Former Chairman of the Joint Chiefs of staff Mike Mullen reviews Self Defense Force troops in Tokyo, Japan
After weeks of contentious debate, vigorous civilian protest, and stiff political opposition, a set of controversial security laws passed the Upper House of the Japanese Diet on September 19th, already having passed the Lower House in July, handing Japanese Prime Minister Shinzo Abe and the ruling Liberal Democratic Party (LDP) a twofold victory. First, it effectively overturned Article Nine of the Japanese constitution, which forbade the existence of a standing military and plans to wage offensive war — Japan is now allowed to rearm and engage in military operations on behalf of its allies’ defenses. Second, it increased Japan’s commitment to the US-Japan defense alliance, resulting in additional defense spending allocations and a more active deployment of Self Defense Force (SDF) troops in outposts and neighboring allies.
Japan’s rearmament finds its roots in a long and murky political history. In 1926, Emperor Hirohito’s ascendancy to the throne led to an increase in ultra-nationalistic tendencies, which eventually transformed into aggressive imperialism and a desire for regional dominance, as was demonstrated in the 1937 provocations with China that led to the Sino-Japanese war and further invasions of the Dutch-East Indies and British Hong Kong in 1941. Post World War II defeat, however, Japan’s military capabilities were removed and codified as an illegal means of solving disputes through Article Nine of the Japanese Constitution. Although the Self Defense Forces, a peacetime paramilitary force, were established in 1954, rearmament has been seen as a sort of taboo within both Japanese lawmaking and society due to the fear of a reversion back to the imperialist tendencies displayed earlier.
However, recent security problems have brought the issue of rearmament back to the national spotlight. Beginning in 2012, Chinese naval encroachment into the Japanese-claimed Senkaku Islands has been on a steady uprise, and a lack of force projection by the Japanese could indicate weakness and encourage further encroachments. On the other side of the globe, two Japanese nationals were beheaded by the terrorist group ISIS in January 2015 — Prime Minister Shinzo Abe was not able to offer much retaliation other than a verbal condemnation of the group and increased humanitarian aid to the region. Thus, the question arises: does Japanese rearmament properly solve Japan’s security problem or does it ultimately cause more harm than good?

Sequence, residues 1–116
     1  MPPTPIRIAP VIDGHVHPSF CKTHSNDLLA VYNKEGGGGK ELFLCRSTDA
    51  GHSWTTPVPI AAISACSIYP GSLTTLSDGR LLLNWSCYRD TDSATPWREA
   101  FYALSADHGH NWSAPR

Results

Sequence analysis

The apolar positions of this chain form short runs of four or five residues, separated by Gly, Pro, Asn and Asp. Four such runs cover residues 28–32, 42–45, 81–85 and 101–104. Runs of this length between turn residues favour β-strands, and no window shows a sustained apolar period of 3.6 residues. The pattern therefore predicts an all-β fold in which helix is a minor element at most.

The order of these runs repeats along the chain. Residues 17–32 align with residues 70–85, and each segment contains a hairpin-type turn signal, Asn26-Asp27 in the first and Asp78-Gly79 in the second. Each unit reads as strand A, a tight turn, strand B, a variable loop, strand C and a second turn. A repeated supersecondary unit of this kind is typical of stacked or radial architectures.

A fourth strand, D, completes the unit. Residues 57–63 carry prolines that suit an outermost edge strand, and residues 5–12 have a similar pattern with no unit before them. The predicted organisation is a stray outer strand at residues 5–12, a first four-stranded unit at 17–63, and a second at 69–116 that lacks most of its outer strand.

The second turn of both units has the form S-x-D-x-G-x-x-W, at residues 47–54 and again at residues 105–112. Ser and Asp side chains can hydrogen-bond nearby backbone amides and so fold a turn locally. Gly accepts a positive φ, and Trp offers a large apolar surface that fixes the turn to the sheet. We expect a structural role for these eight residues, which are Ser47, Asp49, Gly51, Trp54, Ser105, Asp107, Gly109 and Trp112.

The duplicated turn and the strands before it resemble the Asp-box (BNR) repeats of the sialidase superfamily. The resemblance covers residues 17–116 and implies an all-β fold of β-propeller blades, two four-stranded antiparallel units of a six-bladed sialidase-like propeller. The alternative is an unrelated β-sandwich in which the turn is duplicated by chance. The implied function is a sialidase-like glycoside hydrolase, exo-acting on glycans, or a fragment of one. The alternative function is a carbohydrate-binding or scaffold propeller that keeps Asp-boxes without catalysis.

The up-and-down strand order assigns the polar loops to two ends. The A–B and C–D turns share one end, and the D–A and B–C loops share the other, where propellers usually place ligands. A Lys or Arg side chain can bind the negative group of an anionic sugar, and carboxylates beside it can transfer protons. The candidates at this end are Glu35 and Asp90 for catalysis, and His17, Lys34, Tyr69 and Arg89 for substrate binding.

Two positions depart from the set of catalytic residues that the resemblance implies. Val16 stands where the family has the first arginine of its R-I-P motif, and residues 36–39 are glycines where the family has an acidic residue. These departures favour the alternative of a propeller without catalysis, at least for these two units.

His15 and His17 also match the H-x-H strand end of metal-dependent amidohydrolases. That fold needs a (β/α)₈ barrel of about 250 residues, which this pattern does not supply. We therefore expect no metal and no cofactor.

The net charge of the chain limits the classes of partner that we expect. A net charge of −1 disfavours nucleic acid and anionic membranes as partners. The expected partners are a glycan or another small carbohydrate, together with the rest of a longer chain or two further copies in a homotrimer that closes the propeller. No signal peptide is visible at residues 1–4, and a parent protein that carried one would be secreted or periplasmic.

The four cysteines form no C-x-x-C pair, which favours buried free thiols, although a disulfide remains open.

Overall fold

To begin judging the effects of Japan’s rearmament, one can gauge the reactions of Japan’s neighbors. Without a doubt, the rearmament has caught the eyes of every major regional power in East Asia. In October 2013, South Korean Foreign Minister Yun Byung-se announced, “There are many countries including us that are worried about Japan’s rearmament. A situation where [we] overlook Japan’s rearmament will not come.” Having succumbed to Japanese aggression and brutal colonialism in the early 20th century, the historical memory of South Korea shows a heavy societal and political disfavor toward any Japanese military capabilities. The closest effect of Japan’s rearmament may therefore be a significant decrease in relations between the two previously allied countries.
While South Korea’s reaction may be purely diplomatic, rearmament may start a deeper provocation in two other countries: China and North Korea. Earlier this year, China’s foreign ministry released a powerfully worded statement condemning a Japanese defense white paper asking for appropriate increases in defense spending to combat the “China military threat.” The statement reads, “This kind of action completely lays bare the two-faced nature of Japan’s foreign policy and has a detrimental impact on peace and stability in the Asia-Pacific region” and that China would implement a “necessary reaction depending on the situation.” China has reiterated this threat multiple times, most recently by accompanying President Xi Jinping’s speech slamming Japanese aggression on September 3rd with a massive military parade through Beijing. Perceiving South Korea and the United States as key advocates for Japan’s endangering of North Korean national security, North Korea entered the fray with threats of escalation as well.
In 2013, North Korean state media stated that ”The prevailing situation calls upon all Koreans to decisively smash the Japanese reactionaries’ attempt to exercise the right which has become undisguised under the backstage wire-pulling of the U.S. and the South Korean regime’s criminal collusion and nexus to help them.” Although both China’s and North Korea’s threats may only seem to be threatening rhetoric, their credibility and immediacy are both advanced by a real and publicized development in Japanese military capabilities. Backlash from either the economic and military superpower of China or the rogue military state of North Korea may lead to a fatal escalation of regional tensions that already lie on the brink — ultimately doing more harm than good to Japan’s security.
For Japanese Prime Minister Shinzo Abe and the ruling LDP party, the development of a military beyond the Self Defense Forces may seem to be a proper defense against regional tensions as of late. However, after examining other countries’ reactions to the newly passed security laws, a definite conclusion can be drawn that Japan’s rearmament only exacerbates those tensions and further endangers Japanese security.
Tony Zhou is a freshman in the College of Arts & Sciences at Cornell University, majoring in Economics and Philosophy and minoring in International Relations.
Image attribution: “Chairman of the Joint Chiefs of Staff Adm. Mike Mullen reviews Japanese Self Defense Force troops” by Petty Officer 1st Class Chad J. McNeeley, U.S. Navy, licensed under CC0 1.0